Influences… yeah, there are just too many. At any given time, I’m likely to draw on something. And I have no problem with that.
Q: Share a little about you past writing projects and education. Any awards or publications?
A: This, I’m happy to state: I’m a film school dropout who, after three and a half years in the film department at Southern Illinois University at Carbondale opted for a term in an advanced filmmaker’s co-op in Chicago. It’s taken eight years since to finally start making films.
I moved to Los Angeles to start working in film, became frustrated, and dedicated myself to writing. Somewhere along the timeline, I found myself caught up in the dotcom craze of the late nineties, where I spent time writing a lot of corporate scripts and documents for LOAD Media, even as I really only invested myself writing screenplays. Yes, on company time.
With that sudden turn to the internet, I inevitably began to develop quite a bit of creative content for our now defunct but expecting a revival writer’s website Laughing Mad Scribes. Not only a showcase for screenplays, we published short stories, reviews of everything we consumed, commentaries, and tried to instigate a functioning writer’s workshop. That little bit of dabbling in web design, coupled with finding myself stuck in the corporate cubicle workforce and wanting to die, took me into the two year multimedia program at Sessions School of Design. I became certified for oh so intermediate levels of Flash programming and have struggled ever since to keep up with web trends.
I’ve had top ranking screenplays during the infancy of Zoetrope Online, and later with Trigger Street. Two of my screenplay collaborations with David Accampo have achieved finalist status with the Project Greenlight. I blame our awkward audition tape for knocking our quirky thriller Cacophony out of the top 100. Somehow the fine people of Voice Over Magazine found our one science fiction screenplay The Maitland Exhibit and labeled it “one of the great unproduced screenplays.”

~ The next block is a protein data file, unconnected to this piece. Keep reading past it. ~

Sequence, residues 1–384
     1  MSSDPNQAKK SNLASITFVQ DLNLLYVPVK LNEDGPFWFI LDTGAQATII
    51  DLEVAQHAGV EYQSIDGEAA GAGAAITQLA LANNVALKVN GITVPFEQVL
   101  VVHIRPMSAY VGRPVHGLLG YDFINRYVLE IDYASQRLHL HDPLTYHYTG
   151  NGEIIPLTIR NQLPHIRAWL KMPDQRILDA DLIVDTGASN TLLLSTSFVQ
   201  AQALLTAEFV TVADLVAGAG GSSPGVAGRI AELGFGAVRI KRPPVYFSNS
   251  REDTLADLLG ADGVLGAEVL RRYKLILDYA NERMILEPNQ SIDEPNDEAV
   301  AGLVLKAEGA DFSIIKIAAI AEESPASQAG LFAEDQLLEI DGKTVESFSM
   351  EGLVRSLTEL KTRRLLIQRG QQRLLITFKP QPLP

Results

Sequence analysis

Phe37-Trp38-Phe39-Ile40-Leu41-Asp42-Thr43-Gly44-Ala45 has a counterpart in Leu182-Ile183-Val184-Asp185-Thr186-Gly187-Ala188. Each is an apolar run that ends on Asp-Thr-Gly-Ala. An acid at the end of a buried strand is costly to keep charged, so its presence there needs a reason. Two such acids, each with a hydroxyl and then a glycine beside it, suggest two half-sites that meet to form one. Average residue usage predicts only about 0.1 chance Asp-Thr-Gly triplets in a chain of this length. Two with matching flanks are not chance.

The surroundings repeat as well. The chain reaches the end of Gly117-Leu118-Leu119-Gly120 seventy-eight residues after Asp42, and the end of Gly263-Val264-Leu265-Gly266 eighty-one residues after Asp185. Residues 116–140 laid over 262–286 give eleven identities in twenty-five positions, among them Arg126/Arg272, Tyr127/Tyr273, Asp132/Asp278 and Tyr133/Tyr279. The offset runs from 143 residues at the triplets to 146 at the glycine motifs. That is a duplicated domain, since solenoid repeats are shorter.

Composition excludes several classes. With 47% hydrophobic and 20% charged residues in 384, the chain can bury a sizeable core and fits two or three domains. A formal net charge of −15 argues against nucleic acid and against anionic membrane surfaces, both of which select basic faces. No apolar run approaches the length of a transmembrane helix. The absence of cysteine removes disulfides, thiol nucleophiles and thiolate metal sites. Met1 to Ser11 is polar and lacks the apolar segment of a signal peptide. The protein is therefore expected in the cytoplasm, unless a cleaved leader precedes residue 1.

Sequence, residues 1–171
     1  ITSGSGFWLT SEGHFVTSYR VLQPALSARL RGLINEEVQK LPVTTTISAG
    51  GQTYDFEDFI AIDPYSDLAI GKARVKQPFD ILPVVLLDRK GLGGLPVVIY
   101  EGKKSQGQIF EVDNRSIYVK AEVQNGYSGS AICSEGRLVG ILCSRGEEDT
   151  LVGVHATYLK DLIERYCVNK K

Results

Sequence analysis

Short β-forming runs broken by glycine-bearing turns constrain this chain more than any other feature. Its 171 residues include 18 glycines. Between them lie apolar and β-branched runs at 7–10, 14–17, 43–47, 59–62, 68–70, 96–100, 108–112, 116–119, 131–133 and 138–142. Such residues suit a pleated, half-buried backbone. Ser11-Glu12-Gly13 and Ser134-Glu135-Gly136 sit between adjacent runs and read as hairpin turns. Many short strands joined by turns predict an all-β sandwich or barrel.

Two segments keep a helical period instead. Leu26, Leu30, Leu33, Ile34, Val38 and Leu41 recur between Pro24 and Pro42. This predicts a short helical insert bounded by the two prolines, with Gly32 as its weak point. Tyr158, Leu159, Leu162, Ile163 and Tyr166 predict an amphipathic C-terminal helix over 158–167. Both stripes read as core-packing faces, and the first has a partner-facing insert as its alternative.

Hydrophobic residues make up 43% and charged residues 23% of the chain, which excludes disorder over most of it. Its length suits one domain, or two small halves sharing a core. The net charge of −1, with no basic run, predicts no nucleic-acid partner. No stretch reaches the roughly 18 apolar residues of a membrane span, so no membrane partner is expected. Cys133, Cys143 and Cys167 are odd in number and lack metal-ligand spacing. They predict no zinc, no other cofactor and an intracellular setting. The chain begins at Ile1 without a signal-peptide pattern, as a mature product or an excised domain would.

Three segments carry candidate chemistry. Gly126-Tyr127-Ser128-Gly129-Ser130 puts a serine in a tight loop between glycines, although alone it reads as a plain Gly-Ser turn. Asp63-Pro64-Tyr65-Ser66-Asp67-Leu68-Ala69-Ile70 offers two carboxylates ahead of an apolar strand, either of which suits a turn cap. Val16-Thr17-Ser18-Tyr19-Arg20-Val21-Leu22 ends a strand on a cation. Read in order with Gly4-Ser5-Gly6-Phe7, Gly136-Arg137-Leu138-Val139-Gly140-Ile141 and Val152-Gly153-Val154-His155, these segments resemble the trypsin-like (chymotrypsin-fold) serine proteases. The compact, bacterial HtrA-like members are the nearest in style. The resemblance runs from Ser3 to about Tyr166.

And then, finally, we started our production company, Habit Forming Films, LLC.
Bad Habits won a Remi award at the 2006 Worldfest Houston International Film Festival and a Best Actor award at the 2007 Sacramento Film Festival. The Long Road has been accepted into the FAIF International Film Festival and will debut at the Mann’s Chinese in Hollywood in September of 2007.
Q: What made you want to write?
A: To escape the shed out back of the house, that aluminum oven with the smell of gasoline leaking out from the lawnmower and the spiders everywhere…
Q: Is there anything you wanted to add to let the fan base know more about you?
A: The only time I have ever consumed a sizeable amount of absinthe, was also the first time that I watched Kevin Smith’s Dogma. I fired up some sugar cubes and the DVD player, and before all was done, the sun was up.